poet

“Without art, we should have no notion of the sacred; without science, we should always worship false gods.” W.H. Auden

When we move on in the arc of our lives – to center – we cross the threshold into that place from which all things emanate – the sacred space of poetry and indeed all art and creativity, we leave behind the cacophony of assumptions and received wisdom to rest in Rumi’s field – a place he says is “beyond ideas of wrong doing and right doing.” We cross the threshold into a w-h-o-l-l-y, place – a place Rumi tells us the “world is too full to talk about.” The ideal of this field reminds me very much of Leonard Cohen’s Hallelujah, where all the hallelujah’s – broken or whole – are equal. And so it is with us and with our poetry, which as a spiritual practice brings balance and sacredness into our lives.

This business of taking up our pens involves more than learning the technical rudiments, the history of our craft and its key players. It requires of us a trust in ourselves and learning to let go of the expectation of understanding everything. We learn to embrace mystery and ambiguity. We learn to sit with process and to sit with the poems we are drawn to or the poetry we write. We allow the visions, the word-play, the cadence to work on us. Whether we share our poems with others or not, whether we are amateur or professional, is irrelevant. What matters is that we go on the hero’s journey and we come back with a gift.

When we write, we are like Rilke’s “Swan” …

“when he nervously lets himself down
into the water, which receives him gaily
and which flows joyfully under
and after him, wave after wave,
while the swan, unmoving and marvelously calm,
is pleased to be carried, each moment more fully grown,
more like a king, further and further on.”

Sacred space always reveals the unexpected. We are always changed, though the change may be subtle. What might come up are the daily concerns – how to make it through the day – or the current pain: the loss of a loved one, abandonment, ills of body and mind, concerns for children … Joy! and Gratitude! As we grow “more like a king, further and further on,”  our sacred space may reveal something about the greater mysteries…

does it matter after all, the curiosities

when fish and water are one
when light and dark are indistinguishable
when we are neither content nor discontent
when questions cease and ideologies melt
when there is no helping and no taking

. . . there is this” [Jamie Dedes]

enso

And “this” is well represented by the Buddhist ensō illustrated above. It is meant to express that moment when the mind is still, allowing for creation. It symbolizes enlightenment. I’m sure all faiths have similar concepts. From a Christian perspective – perhaps the discussion would be about the “gaze of faith” and claritas (Thomas Aquinas) –  “intellectual light,” illumination. In Buddhism, traditionally this ensō is done as a part of spiritual practice and it is a kind of meditation in the way that all creative efforts are meditation.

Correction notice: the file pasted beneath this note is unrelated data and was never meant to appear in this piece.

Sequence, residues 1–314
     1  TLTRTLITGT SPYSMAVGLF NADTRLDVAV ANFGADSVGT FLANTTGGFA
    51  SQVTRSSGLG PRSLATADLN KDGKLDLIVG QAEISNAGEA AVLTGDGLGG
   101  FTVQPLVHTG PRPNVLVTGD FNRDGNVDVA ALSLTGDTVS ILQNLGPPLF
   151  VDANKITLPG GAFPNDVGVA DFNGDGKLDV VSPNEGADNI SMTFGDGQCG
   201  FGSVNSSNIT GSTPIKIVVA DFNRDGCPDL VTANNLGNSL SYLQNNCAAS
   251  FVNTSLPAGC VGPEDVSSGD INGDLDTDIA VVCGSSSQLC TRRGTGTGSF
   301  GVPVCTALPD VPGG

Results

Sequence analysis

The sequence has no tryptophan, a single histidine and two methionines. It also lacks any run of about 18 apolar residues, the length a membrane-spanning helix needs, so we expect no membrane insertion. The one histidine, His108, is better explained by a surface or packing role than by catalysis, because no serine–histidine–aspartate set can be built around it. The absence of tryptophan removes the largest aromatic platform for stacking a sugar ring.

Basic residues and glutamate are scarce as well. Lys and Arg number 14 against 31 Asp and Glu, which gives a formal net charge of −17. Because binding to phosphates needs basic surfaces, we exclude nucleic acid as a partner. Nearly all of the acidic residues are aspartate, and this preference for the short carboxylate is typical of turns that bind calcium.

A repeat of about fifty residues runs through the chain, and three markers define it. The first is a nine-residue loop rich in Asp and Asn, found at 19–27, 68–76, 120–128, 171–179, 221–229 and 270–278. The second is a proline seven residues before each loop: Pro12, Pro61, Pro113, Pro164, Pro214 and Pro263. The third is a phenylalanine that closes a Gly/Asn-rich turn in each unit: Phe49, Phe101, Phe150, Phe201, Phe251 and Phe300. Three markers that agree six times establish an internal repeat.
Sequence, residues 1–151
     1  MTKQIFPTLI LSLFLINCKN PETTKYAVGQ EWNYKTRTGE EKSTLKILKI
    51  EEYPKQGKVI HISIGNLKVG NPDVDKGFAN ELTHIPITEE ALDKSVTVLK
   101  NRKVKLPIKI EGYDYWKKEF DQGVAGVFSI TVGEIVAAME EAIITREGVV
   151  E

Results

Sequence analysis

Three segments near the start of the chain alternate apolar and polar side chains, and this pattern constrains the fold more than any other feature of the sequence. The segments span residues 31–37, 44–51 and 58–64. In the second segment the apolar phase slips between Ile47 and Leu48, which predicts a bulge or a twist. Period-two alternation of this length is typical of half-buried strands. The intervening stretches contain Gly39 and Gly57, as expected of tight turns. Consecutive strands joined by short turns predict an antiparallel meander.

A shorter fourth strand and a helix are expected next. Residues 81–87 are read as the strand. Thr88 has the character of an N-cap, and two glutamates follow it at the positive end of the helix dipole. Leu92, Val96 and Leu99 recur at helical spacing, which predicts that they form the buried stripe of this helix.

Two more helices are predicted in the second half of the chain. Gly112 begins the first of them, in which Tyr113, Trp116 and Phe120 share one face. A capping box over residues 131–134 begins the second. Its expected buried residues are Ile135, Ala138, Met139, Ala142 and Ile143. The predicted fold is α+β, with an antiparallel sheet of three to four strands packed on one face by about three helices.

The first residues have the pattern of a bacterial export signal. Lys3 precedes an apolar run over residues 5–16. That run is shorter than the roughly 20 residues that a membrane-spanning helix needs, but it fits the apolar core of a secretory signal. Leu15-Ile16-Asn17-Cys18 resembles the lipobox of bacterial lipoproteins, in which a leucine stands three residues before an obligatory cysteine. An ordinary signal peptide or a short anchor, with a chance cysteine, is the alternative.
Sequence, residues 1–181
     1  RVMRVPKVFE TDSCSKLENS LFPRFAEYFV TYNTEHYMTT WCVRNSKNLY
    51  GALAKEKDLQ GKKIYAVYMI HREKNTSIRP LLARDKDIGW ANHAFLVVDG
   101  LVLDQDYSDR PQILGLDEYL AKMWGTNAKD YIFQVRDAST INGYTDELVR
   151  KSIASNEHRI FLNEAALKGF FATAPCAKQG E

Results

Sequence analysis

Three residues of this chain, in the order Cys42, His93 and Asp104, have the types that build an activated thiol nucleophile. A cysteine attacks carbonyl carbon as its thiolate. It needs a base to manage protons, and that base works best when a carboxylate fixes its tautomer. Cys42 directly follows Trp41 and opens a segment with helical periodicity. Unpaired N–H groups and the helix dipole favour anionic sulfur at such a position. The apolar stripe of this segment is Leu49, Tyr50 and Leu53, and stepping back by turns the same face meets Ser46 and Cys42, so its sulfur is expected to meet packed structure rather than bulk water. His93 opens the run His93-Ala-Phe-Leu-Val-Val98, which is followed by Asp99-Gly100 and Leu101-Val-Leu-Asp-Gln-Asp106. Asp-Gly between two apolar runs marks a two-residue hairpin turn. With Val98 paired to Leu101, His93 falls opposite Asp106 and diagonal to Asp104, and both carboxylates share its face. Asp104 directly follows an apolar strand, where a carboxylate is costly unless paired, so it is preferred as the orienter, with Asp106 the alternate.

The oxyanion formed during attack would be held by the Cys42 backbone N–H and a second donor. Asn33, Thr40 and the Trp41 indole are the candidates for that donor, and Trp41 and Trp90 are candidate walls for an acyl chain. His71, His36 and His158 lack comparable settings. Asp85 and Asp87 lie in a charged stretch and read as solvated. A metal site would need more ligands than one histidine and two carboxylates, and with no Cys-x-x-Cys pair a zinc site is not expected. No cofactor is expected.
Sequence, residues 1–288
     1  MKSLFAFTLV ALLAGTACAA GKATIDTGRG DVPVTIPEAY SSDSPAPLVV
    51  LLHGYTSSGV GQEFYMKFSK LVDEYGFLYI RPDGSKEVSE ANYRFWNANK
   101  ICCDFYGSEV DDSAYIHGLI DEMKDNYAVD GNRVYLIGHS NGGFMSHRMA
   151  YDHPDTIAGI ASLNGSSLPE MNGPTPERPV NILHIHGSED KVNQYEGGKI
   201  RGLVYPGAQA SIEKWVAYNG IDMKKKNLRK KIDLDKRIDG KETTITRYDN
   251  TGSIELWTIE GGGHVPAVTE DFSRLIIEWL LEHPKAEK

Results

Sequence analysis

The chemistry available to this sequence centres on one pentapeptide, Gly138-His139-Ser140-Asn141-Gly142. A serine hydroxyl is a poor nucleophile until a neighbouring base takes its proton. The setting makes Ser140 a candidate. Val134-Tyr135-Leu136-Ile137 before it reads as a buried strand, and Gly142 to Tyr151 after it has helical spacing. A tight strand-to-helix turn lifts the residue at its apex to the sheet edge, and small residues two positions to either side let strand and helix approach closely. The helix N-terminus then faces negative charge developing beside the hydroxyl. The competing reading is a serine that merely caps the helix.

“Writing is a process in which we discover what lives in us. The writing itself reveals to us what is alive in us. The deepest satisfaction of writing is precisely that it opens up new spaces within us of which we were not aware before we started to write. To write is to embark on a journey whose final destination we do not know. Thus, writing requires a real act of trust. We have to say to ourselves: ‘I do not yet know what I carry in my heart, but I trust that it will emerge as I write.’ Writing is like giving away the few loaves and fishes one has, trusting that they will multiply in the giving. Once we dare to ‘give away’ on paper the few thoughts that come to us, we start discovering how much is hidden underneath these thoughts and gradually come in touch with our own riches.” ‪‎Henri Nouwen‬ REFLECTIONS ON THEOLOGICAL EDUCATION (unpublished) http://www.henrinouwen.org

So trust that through your poetry you will enter that field where there is no right doing or wrong doing and …

“The time will come
when, with elation
you will greet yourself arriving
at your own door, in your own mirror
and each will smile at the other’s welcome,

and say, sit here. Eat.
You will love again the stranger who was your self.
Give wine. Give bread. Give back your heart
to itself, to the stranger who has loved you

all your life, whom you ignored
for another, who knows you by heart.
Take down the love letters from the bookshelf,

the photographs, the desperate notes,
peel your own image from the mirror.
Sit. Feast on your life. “ [Love After Love, © Derrick Walcott, Collected Poems, 1948–1984 (Farrar, Straus and Giroux, 1987)

© 2016, essay and photograph, Jamie Dedes, All rights reserved; Ensō (c. 2000) by Kanjuro Shibata XX under CC BY-SA 3.0

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